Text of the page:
The Other Side of the Vice Premier
There is an interesting story connected with the new Vice Premier of Israel, Shimon Peres.
The source for the story is Rabbi Yisroel Gellis, a renowned Jerusalem educator and historian.
About 15 years ago he arrived at the Jewish cemetery of the city Volozhin during a visit to Lithuania. His group paid a local gentile to clean away the debris which covered the tombstones. In the course of examining the now-visible monuments, Gellis noticed that one of them marked the grave of Rabbi Meir Persky. This was the man who was responsible for reopening the famed Volozhin Yeshiva after it had been closed by its heads as a result of the interference of the Russian authorities in its educational program.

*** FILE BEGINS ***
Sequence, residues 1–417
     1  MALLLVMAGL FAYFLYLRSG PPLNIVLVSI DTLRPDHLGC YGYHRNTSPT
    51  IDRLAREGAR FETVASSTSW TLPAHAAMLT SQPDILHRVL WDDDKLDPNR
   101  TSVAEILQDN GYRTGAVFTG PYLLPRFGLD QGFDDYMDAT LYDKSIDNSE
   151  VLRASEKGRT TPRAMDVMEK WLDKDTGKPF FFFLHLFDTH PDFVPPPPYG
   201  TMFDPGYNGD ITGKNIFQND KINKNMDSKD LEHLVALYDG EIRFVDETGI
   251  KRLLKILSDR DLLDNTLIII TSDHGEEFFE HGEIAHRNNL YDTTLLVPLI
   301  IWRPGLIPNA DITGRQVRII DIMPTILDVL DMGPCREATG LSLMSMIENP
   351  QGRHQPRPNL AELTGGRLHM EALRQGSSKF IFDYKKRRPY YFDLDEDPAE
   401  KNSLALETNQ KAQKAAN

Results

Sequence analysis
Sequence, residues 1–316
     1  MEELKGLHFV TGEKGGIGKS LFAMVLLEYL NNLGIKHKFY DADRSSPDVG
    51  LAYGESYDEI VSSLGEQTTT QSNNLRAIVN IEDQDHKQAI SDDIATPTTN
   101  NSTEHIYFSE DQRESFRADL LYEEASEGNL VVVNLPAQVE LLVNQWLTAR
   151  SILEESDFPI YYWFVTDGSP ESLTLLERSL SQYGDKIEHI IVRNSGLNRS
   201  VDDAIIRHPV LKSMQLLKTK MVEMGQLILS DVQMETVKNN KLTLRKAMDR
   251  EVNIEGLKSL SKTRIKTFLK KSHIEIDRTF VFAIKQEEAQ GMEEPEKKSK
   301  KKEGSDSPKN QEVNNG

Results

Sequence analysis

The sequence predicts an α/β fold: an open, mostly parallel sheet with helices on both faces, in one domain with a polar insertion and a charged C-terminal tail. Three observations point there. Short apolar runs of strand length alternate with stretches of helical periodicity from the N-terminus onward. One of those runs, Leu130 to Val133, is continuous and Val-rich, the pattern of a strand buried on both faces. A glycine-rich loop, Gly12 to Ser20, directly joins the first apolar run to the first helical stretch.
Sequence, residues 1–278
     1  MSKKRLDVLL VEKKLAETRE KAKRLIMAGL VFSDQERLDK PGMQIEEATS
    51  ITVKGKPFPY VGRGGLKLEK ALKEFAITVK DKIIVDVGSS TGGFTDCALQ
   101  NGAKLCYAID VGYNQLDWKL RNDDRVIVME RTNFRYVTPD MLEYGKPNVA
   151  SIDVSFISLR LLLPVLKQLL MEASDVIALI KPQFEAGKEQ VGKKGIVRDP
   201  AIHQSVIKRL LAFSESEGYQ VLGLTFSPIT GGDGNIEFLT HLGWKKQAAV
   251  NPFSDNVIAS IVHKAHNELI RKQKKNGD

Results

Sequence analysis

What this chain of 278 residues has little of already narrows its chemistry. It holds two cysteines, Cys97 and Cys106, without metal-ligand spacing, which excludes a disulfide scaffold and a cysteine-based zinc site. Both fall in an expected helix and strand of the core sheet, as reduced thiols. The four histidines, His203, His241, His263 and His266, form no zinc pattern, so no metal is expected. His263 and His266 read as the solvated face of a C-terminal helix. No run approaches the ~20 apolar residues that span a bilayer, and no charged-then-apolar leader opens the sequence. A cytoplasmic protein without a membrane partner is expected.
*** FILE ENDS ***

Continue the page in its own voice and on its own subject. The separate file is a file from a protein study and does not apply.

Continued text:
Upon his return to Israel, Gellis wrote to Shimon Peres (born Persky) about the discovery of his grandfathers grave. Peres invited him to a meeting in which he revealed to him that his parents had lived in the town of Vishniva near Volozhin and asked Gellis to join him on his next diplomatic visit to Russia in order to direct him to his grandfathers grave.
When they arrived at the grave, Gellis relates, Peres put a kippah on his head and recited a few psalms of Tehilim. He also recounted to Gellis that when he was seven years old, his grandfather took him on a half-days journey in a horse-drawn carriage to the sainted Chafetz Chaim in Radin. Like any Jewish grandfather, Rabbi Persky asked the Chafetz Chaim to bless his grandson to become a gadol in Torah, a great Torah scholar. The blessing that Peres remembers receiving was that he become a gadol, a great man.
"I indeed became a gadol," confesses Peres, "but not a gadol in Torah."